October 17, 2015
The first half of our Manu Biosphere Reserve tour has been so full of amazing bird sightings it was like a tour all in its own. In the past six days we’ve descended the moist slope of the Andes from Acjanaco Pass to Villa Carmen Biological Station (with some light rain just part of one morning, much less than expected) and are soon heading out by boat down the Madre de Dios River to the lowlands where the diversity is supposed to increase. But that’s hard to believe. We’ve already seen over 350 species of birds in less than a week.
At the highest elevations a couple of tanager flocks finally appeared with gorgeous Grass-green, Golden-collared, and Scarlet-bellied Mountain-Tanagers showing well, as well as a very cooperative Black-throated Tody-Tyrant.
Close fly-bys of two female Swallow-tailed Nightjars, a tantalizingly close calling Rufous-banded Owl, and roosting Chestnut-collared Swifts were highlights from a short evening walk. My attempts to rile hummingbirds with Yungas Pygmy-Owl imitations resulted in a the real thing responding and flying in. But instead of keeping hidden in a tree high above our heads as they often do, this one landed amongst the lichens, bromeliads, and orchids in the trees below eye level on the downslope side of the road where we had excellent views.
At this same elevation I was surprised to see a colorful little grass skipper. It was interesting enough that I made the uninterested group wait in the bus while I got a photo for an ID. It is Vettius coryna.
We had a good experience watching some very active Andean Cock-of-the-rocks on their lek, one bird being particularly bold by performing his head-bowing display on a branch right in front of us.
The feeders at our mid-elevation lodges of San Pedro had nice Booted Racket-tails, Many-spotted Hummingbirds, and Violet-fronted Brilliants, but it was a resident Wedge-billed Hummingbird that fed from the pink Heliconia flowers in the garden that stole the show.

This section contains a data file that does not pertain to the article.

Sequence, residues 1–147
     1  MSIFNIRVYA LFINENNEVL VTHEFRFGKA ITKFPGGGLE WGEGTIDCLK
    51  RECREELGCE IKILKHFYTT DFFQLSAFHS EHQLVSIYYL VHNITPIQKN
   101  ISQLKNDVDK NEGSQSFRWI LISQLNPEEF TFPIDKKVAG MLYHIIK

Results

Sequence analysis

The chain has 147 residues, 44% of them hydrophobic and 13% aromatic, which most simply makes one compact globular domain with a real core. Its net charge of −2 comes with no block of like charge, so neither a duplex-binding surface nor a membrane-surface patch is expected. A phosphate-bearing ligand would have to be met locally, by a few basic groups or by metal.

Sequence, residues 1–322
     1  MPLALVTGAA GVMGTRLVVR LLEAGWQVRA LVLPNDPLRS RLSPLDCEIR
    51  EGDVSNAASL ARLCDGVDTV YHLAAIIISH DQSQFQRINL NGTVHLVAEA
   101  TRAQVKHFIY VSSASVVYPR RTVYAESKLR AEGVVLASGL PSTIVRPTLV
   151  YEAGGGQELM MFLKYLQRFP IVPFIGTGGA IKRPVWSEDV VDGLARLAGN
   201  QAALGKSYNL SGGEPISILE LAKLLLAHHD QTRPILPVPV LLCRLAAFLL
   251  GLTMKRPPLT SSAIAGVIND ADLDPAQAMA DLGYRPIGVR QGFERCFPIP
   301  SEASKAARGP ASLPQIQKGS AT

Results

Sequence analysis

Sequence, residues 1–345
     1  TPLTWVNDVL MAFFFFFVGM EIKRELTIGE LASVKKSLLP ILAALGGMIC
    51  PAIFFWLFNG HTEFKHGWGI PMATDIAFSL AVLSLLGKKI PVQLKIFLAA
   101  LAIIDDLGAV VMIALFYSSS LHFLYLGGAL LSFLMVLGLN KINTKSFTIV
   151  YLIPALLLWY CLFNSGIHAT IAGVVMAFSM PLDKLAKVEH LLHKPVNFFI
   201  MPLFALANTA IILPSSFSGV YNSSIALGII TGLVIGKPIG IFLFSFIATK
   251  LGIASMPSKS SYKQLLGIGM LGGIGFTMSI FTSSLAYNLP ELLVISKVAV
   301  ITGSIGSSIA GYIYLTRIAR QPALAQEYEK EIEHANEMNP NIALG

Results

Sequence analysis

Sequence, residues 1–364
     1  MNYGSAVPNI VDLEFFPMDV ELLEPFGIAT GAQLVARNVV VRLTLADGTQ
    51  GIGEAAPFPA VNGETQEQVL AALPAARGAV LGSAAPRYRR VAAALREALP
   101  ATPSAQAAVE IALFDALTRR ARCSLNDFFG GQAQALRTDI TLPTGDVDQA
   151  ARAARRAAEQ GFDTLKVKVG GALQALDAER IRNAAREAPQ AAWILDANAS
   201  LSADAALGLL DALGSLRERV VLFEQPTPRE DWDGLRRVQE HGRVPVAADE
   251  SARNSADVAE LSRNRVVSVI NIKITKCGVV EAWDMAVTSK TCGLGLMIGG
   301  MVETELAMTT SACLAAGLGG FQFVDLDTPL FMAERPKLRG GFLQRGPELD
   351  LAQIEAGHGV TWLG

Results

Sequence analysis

Other birds in the garden were gorgeous Silver-beaked Tanager in rich light and a pair of bold Andean Motmots (two of several that we saw) that came to feed on bananas.
Perhaps the most astonishing and thrilling sighting from the mid-elevations was a juvenile Black-and-chestnut Eagle that our van flushed from a low log on the side of the road. The monster flapped slowly in front of us as we came to a sudden stop, and it perched not 10 yards from the road. A passing car threatened to flush it before we got photos, but the bird remained nonplussed, proceeded to preen, and the driver of the passing car even paused to point his camera phone out the window.
On our way to the lower Kosñipata Valley we saw yet more great birds. Cinnamon-faced Tyrannulets foraged at eye-level, a pair of Wattled Guans surprised us in trees next to the road, and a stationary Lanceolated Monklet perched in the open but far from obvious was brilliantly spotted by one of the participants. The butterflies were out of this world. Some of the showier and more colorful were the clear-winged metalmark Chorinea sylphina and the shocking Fountainea nessus, Superb Leafwing, wings spread below a bridge over a small stream.
The birds of the bamboo thickets here at Villa Carmen Biological Station were amazingly cooperative. While standing in one spot just a ten-minute walk from our rooms we saw Bamboo Antshrike and Yellow-breasted Warbling-, Goeldi’s, White-lined, and Manu Antbirds. White-cheeked Tody-Flycatcher was in another bamboo thicket as well, and we ended that first day with over 130 species. Even closer to our rooms was a family group of the most unlikely of the world’s birds, the Hoatzin, and at the same marsh we enjoyed a tail-wagging, head-bowing, and sac-inflating performance from a pair of Black-capped Donacobius. The overnight thunderstorm and yesterday morning’s continuing sprinkles produced a termite emergence that resulted in an explosion of bird activity such as a flock of a dozen flycatching Purple Honeycreepers and three male Plum-throated Cotingas perched in some treetops. We then watched a non-swarming column of army ants (the orange-bodied Eciton rapax) with a kleptoparasitic silverfish living amongst them. These ants were running quite fast in a narrow column across our trail, back and forth from their nest and whosever nest their were raiding, and we noticed a couple of these interlopers running right alongside the ants. They were even a bit faster than them, rubbing shoulders and not being attacked. It turns out they camouflage themselves with the ants' own odors while sneaking meals right out from under the ants' noses.
Later in the afternoon a great surprise and first local record was an Upland Sandpiper in a newly planted field in the agricultural plots that are part of the station’s involvement in helping the communities of the region develop sustainable farming methods.
We missed seeing the adult Common Potoo that had been on a nest, but in its place instead was the most adorable half-grown chick roosting on its own, trying its best to look like a tree trunk.